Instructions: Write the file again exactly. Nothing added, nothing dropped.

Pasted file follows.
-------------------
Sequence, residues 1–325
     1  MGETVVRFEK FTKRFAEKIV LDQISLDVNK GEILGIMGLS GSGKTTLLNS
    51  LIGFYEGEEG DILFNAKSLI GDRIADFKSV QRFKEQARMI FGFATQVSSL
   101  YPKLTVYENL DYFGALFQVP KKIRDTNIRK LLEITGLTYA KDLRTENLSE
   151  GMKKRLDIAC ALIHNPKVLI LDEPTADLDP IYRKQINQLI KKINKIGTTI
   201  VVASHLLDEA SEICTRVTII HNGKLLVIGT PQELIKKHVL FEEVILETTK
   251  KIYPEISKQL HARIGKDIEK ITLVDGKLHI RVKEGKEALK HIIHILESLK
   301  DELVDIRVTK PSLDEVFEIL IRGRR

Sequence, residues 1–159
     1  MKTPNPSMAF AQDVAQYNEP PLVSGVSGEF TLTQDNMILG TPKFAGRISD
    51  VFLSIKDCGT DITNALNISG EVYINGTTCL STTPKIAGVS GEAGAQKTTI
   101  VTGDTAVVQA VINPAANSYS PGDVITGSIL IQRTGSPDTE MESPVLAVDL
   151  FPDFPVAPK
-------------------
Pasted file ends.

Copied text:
Sequence, residues 1–325
     1  MGETVVRFEK FTKRFAEKIV LDQISLDVNK GEILGIMGLS GSGKTTLLNS
    51  LIGFYEGEEG DILFNAKSLI GDRIADFKSV QRFKEQARMI FGFATQVSSL
   101  YPKLTVYENL DYFGALFQVP KKIRDTNIRK LLEITGLTYA KDLRTENLSE
   151  GMKKRLDIAC ALIHNPKVLI LDEPTADLDP IYRKQINQLI KKINKIGTTI
   201  VVASHLLDEA SEICTRVTII HNGKLLVIGT PQELIKKHVL FEEVILETTK
   251  KIYPEISKQL HARIGKDIEK ITLVDGKLHI RVKEGKEALK HIIHILESLK
   301  DELVDIRVTK PSLDEVFEIL IRGRR

Sequence, residues 1–159
     1  MKTPNPSMAF AQDVAQYNEP PLVSGVSGEF TLTQDNMILG TPKFAGRISD
    51  VFLSIKDCGT DITNALNISG EVYINGTTCL STTPKIAGVS GEAGAQKTTI
   101  VTGDTAVVQA VINPAANSYS PGDVITGSIL IQRTGSPDTE MESPVLAVDL
   151  FPDFPVAPK